Finally, it is important to highlight that a better understanding of those interactions between hosts and parasites that are mediated by chemicals produced by bacterial symbionts may have ample applications in veterinary and medical research. Most ectoparasites are vectors of important human and animal diseases. Discovering connections between the animal microbiome and the volatiles that attract or deter ectoparasites may aid in the development of new products or methods for protection against ectoparasites and the diseases they transmit [76,77]. Besides health concerns [154], parasites cause great economic losses [155,156]. Microbially derived products might substitute, or at least complement, the use of insecticides, which produce undesired side effects [157,158] or induce resistance in ectoparasites due to inappropriate and prolonged use of these drugs [159,160]. The possibility of finding natural products that might be applied without side effects is therefore an asset that should encourage further research on the role of bacteria mediating the interaction between parasites and their animal hosts.

Author Contributions

Conceptualization, M.M.-A. and J.J.S. developed the idea of performing this review and G.T. actively participated in the discussion to decide the final focusing. Writing—review and editing, M.M.-A. performed the preliminary literature review and, together with J.J.S., finished a first draft of the manuscript, on which all three authors worked to build the final version. All authors have read and agreed to the published version of the manuscript.


This research was funded by Ministerio de Ciencia, Innovación y Universidades and European Regional Development Fund (FEDER) (CGL2017-83103-P, CGL2017-89063-P), by a predoctoral fellowship (MMA, FPU15/03420), and by the Ramón y Cajal programme (GT, RYC-2013-13040).

Institutional Review Board Statement

Not applicable.

Informed Consent Statement

Not applicable.

Data Availability Statement

Not applicable.

Conflicts of Interest

The authors declare no conflict of interest.


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Figure 1. Diagram showing hypothetical influence of bacterial symbionts (green arrows) in scenarios of social communication, parasitism, and predation. These influences could be directly due to either bacterial metabolism or products with antimicrobial or antipredatory properties (solid arrows), or indirectly through their effects on host characteristics (i.e., health, scents, metabolism, immunity, and hormones) (dashed green arrows). Bacterial symbionts contribute to social information that is received by conspecifics or heterospecifics, including parasites and predators. The negative effects of parasites and predators (red arrow) would be directly counteracted by defensive products of bacterial origin, or indirectly by host defensive traits that are also influenced by bacteria (continuous and dashed green arrows connecting the host with parasites and predators). These negative effects however will be enhanced by eavesdropping on inadvertent social information directly or indirectly mediated by host microbial symbionts and, thus, parasites and predators will also influence the symbiotic association between animals and microorganisms. Pathogenic parasites could also influence health and, consequently, bacterial symbionts of their victims, and, thus, parasites could indirectly affect conspecific communication. Numbers refer to main sections in the text where that relationships are covered. Symbols courtesy of the Integration and Application Network, University of Maryland ( and (accessed on 5 February 2021).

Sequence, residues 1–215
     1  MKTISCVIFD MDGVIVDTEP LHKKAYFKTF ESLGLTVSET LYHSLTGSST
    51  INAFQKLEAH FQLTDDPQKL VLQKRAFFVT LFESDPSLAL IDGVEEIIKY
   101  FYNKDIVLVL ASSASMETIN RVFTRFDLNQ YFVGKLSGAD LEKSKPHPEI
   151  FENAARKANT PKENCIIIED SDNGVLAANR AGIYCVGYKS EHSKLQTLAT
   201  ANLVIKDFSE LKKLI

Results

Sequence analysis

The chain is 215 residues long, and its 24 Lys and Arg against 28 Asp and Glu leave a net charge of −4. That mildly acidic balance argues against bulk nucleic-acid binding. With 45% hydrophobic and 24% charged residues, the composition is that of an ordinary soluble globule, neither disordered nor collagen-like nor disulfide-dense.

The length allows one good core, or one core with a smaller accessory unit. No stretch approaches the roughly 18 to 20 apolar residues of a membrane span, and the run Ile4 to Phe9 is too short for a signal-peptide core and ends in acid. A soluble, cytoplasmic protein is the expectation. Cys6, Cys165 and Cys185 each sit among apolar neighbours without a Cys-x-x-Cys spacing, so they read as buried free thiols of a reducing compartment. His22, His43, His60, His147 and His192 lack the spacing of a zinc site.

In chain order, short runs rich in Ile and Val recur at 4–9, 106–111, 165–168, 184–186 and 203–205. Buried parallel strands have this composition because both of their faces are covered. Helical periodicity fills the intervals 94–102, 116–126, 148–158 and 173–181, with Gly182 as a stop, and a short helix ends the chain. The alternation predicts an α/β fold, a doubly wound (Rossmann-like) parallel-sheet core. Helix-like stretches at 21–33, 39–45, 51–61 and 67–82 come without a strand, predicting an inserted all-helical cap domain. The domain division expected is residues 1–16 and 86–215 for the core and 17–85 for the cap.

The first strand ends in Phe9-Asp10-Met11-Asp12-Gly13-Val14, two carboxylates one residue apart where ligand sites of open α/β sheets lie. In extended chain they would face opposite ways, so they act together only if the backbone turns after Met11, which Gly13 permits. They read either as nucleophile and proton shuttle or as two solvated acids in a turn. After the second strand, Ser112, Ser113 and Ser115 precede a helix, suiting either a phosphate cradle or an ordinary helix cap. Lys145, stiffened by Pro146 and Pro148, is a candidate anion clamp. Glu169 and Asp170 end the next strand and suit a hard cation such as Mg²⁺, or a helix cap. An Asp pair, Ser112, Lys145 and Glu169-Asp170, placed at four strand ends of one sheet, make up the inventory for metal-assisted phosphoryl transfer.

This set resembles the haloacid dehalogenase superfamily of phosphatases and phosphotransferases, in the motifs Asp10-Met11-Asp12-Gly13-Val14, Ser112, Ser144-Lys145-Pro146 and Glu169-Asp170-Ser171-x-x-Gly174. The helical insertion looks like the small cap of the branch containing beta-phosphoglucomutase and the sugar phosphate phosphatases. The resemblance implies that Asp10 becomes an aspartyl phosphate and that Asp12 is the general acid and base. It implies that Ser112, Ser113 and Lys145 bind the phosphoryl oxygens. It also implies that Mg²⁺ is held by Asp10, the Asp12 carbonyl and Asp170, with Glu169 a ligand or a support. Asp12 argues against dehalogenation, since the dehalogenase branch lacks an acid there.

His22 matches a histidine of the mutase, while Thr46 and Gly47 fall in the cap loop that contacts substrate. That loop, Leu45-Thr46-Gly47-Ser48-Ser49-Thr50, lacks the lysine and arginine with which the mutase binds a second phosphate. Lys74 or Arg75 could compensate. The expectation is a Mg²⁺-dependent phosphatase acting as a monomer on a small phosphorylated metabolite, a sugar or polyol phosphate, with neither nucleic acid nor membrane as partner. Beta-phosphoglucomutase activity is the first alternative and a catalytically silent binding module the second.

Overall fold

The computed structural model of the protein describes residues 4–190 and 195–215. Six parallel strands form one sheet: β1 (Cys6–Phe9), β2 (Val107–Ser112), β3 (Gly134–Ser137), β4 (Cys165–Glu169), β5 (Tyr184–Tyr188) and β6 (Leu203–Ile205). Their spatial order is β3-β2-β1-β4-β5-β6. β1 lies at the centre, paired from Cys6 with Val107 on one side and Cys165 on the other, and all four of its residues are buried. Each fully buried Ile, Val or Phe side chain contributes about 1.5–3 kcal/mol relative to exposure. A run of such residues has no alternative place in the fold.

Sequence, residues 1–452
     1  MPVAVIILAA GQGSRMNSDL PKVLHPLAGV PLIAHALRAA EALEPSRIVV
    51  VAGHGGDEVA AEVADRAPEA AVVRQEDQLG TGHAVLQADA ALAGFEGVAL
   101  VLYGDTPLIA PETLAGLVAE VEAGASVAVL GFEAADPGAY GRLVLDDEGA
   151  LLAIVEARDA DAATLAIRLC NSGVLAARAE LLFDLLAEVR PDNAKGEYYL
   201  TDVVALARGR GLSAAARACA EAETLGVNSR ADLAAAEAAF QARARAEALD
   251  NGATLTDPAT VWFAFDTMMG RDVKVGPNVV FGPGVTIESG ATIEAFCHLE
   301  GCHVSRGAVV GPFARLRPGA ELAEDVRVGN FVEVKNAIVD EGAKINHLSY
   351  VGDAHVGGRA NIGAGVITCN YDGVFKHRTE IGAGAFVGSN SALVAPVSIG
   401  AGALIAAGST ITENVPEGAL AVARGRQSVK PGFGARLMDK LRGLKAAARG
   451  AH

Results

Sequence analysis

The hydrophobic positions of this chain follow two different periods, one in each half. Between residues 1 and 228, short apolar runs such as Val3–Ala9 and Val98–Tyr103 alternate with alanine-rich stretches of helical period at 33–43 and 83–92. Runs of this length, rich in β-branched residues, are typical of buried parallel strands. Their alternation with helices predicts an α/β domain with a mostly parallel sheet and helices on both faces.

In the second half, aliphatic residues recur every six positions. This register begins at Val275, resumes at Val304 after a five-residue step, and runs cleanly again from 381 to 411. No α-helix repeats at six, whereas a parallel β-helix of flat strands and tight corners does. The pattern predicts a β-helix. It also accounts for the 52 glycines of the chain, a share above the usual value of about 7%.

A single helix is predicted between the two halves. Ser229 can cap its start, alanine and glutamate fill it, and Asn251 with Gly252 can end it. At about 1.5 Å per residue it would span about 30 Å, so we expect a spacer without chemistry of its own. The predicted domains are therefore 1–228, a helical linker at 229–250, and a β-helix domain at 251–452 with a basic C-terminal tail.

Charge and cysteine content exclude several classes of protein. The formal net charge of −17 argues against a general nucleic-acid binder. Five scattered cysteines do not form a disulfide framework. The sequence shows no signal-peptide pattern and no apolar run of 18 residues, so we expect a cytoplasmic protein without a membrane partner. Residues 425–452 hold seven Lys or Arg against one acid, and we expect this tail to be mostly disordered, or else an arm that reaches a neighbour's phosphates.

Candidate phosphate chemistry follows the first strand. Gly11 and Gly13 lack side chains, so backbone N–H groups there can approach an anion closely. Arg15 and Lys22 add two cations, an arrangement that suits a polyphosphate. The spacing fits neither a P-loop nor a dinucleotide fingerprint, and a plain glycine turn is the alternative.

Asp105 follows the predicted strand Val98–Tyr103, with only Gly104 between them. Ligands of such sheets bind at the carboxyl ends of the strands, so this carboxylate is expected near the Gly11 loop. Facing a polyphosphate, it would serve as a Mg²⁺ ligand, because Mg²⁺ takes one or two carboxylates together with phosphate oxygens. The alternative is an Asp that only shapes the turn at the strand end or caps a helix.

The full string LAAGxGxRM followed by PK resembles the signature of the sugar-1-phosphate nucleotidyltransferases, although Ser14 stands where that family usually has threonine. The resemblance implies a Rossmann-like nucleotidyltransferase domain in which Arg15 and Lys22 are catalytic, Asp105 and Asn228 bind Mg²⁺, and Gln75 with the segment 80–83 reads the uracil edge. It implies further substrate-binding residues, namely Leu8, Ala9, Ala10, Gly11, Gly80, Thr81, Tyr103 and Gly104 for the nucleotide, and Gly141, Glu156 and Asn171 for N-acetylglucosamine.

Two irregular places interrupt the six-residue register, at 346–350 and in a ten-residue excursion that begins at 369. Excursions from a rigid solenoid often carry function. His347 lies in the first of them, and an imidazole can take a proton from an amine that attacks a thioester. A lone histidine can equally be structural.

Figure 1. Diagram showing hypothetical influence of bacterial symbionts (green arrows) in scenarios of social communication, parasitism, and predation. These influences could be directly due to either bacterial metabolism or products with antimicrobial or antipredatory properties (solid arrows), or indirectly through their effects on host characteristics (i.e., health, scents, metabolism, immunity, and hormones) (dashed green arrows). Bacterial symbionts contribute to social information that is received by conspecifics or heterospecifics, including parasites and predators. The negative effects of parasites and predators (red arrow) would be directly counteracted by defensive products of bacterial origin, or indirectly by host defensive traits that are also influenced by bacteria (continuous and dashed green arrows connecting the host with parasites and predators). These negative effects however will be enhanced by eavesdropping on inadvertent social information directly or indirectly mediated by host microbial symbionts and, thus, parasites and predators will also influence the symbiotic association between animals and microorganisms. Pathogenic parasites could also influence health and, consequently, bacterial symbionts of their victims, and, thus, parasites could indirectly affect conspecific communication. Numbers refer to main sections in the text where that relationships are covered. Symbols courtesy of the Integration and Application Network, University of Maryland ( and (accessed on 5 February 2021).
Biology 10 00274 g001
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Mazorra-Alonso, M.; Tomás, G.; Soler, J.J. Microbially Mediated Chemical Ecology of Animals: A Review of Its Role in Conspecific Communication, Parasitism and Predation. Biology 2021, 10, 274.

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Mazorra-Alonso M, Tomás G, Soler JJ. Microbially Mediated Chemical Ecology of Animals: A Review of Its Role in Conspecific Communication, Parasitism and Predation. Biology. 2021; 10(4):274.

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Mazorra-Alonso, Mónica, Gustavo Tomás, and Juan José Soler. 2021. "Microbially Mediated Chemical Ecology of Animals: A Review of Its Role in Conspecific Communication, Parasitism and Predation" Biology 10, no. 4: 274.